When it comes to rivals in the market in terms of rivals, there is no doubt that the GoPro Hero10 Black is an obvious contender. As of now, it appears that the Hero10 can be the sole action camera with the Action 2’s capabilities of recording in 4K120 and takes things even further, allowing 5.3K video up to 60 frames per second. Although the Hero10’s suggested price is slightly larger at $480, should purchase it directly from GoPro directly, you can get it with the one-year GoPro subscription, which offers you cloud storage and a reduction on GoPro accessories and replacement of the entire camera in the event of damage. the price of $380.

Insta360 One R Insta360 One R uses a similar modular design and allows you to swap cameras. The 4K standard camera can be purchased for $285. The Twin Edition, which comes with both 360 and 4K camera units, can be purchased at $440.

Insta360’s Go 2 camera for $295 is also worth a look. Although it’s not equipped with flagship frame rates, this tiny lightweight camera can be used in where larger models aren’t and, due to its magnetic mount design it offers some of Action 2’s capabilities but at a price that is much less.

DJI Action 2 review: Design and features

The main camera of the Action 2 device weighs 56g and measures 39x39mm across its face, with the deep of 22.3mm. Despite its slim appearance and its aluminum frame, it feels sturdy in the palm of your hand.

A glass enclosure takes up much of the front part of the camera. It’s behind it is the ultra-wide lens that is 155 degrees wide, as well as an incorporated color temperature sensor. It is surrounded by tiny openings for the microphone as well as an the LED indicator. The rear to the camera’s back is highlighted by an 1.7in OLED touchscreen display, with a single physical button at the top of the camera and an expansion port at the bottom. The camera’s bottom is magnetic for fast mounting to metal objects, and it has clip-on points to secure attachment of mounts and modules.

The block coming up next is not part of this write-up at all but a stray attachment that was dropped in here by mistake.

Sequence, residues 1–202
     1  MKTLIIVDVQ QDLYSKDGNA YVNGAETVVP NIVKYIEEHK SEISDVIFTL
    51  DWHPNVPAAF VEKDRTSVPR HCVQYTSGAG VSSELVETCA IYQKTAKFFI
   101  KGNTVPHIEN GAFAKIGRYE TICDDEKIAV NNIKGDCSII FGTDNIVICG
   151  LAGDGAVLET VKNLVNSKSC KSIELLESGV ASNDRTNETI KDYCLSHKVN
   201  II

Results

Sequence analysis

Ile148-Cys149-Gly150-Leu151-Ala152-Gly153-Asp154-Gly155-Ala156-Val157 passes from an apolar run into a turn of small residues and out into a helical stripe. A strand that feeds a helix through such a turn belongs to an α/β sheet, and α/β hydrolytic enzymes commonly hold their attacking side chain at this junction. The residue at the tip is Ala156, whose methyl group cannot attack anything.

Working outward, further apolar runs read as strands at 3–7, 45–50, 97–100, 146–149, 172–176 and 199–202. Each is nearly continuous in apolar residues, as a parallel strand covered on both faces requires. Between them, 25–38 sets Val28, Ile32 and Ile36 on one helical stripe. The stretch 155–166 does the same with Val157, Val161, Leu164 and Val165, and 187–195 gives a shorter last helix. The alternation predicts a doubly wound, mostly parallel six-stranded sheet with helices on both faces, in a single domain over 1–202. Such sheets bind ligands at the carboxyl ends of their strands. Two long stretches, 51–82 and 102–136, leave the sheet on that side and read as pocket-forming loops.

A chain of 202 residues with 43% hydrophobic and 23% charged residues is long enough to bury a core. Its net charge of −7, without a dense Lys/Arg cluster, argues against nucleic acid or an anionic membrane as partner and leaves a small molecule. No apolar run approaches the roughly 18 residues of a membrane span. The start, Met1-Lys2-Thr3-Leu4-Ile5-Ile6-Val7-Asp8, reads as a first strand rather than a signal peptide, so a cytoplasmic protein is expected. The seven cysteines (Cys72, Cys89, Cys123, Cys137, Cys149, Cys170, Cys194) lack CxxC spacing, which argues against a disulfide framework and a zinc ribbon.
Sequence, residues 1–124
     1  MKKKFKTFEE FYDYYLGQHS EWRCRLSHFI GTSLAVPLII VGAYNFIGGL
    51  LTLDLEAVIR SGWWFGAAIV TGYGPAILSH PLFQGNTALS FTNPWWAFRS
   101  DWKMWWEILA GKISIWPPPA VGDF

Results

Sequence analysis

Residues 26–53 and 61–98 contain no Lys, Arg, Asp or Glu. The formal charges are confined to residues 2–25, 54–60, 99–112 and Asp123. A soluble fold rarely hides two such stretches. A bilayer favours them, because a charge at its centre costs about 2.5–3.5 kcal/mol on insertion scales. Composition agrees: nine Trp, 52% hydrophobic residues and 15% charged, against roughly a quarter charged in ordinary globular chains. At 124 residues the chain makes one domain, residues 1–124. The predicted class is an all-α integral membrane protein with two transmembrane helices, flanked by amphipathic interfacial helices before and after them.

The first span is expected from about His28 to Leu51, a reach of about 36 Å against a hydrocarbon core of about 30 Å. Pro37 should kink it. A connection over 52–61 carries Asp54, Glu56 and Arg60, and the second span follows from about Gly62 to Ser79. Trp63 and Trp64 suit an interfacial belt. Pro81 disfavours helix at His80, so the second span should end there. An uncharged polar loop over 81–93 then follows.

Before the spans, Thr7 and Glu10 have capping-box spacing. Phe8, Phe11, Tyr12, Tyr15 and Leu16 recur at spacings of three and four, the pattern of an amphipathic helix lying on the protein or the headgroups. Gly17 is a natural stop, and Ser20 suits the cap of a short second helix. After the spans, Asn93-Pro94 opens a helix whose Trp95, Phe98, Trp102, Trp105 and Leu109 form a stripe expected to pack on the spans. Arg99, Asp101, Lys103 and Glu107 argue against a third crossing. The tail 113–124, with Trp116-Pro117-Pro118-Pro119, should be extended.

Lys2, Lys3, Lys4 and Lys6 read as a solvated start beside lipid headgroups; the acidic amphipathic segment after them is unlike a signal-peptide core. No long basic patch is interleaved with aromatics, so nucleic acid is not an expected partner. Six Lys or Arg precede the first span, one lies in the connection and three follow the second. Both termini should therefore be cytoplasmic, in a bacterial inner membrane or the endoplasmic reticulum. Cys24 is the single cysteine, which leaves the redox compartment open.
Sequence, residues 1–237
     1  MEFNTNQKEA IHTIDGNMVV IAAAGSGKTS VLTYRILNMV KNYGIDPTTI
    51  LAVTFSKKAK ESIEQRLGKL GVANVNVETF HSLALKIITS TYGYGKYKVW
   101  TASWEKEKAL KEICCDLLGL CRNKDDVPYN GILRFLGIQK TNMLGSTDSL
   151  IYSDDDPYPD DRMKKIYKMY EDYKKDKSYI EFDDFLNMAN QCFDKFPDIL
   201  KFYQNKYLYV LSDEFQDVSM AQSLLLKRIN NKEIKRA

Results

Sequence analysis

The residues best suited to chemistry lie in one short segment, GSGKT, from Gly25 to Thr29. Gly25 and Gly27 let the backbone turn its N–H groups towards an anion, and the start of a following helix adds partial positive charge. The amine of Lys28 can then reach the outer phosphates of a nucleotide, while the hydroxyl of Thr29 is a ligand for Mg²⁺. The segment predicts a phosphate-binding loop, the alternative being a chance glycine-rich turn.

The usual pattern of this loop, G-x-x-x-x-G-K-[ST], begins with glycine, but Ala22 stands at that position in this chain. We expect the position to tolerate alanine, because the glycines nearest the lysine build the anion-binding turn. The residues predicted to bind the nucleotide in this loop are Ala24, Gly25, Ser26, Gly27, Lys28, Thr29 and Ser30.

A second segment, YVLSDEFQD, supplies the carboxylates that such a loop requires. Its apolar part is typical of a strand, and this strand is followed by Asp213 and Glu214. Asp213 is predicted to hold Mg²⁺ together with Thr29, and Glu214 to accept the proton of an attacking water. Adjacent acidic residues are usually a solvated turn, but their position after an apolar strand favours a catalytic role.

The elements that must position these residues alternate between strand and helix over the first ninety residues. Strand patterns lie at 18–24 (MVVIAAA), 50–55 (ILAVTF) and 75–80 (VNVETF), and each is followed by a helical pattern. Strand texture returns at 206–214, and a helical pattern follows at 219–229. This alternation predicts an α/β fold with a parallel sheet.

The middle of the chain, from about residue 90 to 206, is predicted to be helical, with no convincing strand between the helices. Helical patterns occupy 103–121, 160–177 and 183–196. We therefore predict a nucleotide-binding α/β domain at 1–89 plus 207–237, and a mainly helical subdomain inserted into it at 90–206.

The camera comes with its own battery as well as 32GB (22GB of usable) of internal storage, which allows it to function as a stand-alone device. But, as the main camera doesn’t have a charging port or microSD card reader speaker the front-facing touchscreen must be kept near by.

The front touchscreen module is attached onto the primary camera by a an easy click, by line up the clips and letting magnets take care of the rest. With 39 x 41.6mm in the front and 24.6mm deep, it’s a little bigger than the camera and adds 128g in weight. Alongside bringing another display that is front-facing This module also is home to an Action 2’s MicroSD reader USB Type-C charger port as well as three other microphones (one on each side , and another on the rear) and a larger battery. Similar to the camera it’s touchscreen that’s magnetized across its base, which allows for rapid mounting. It also comes with clip-on points that allow for pairing with mounts that are more secure.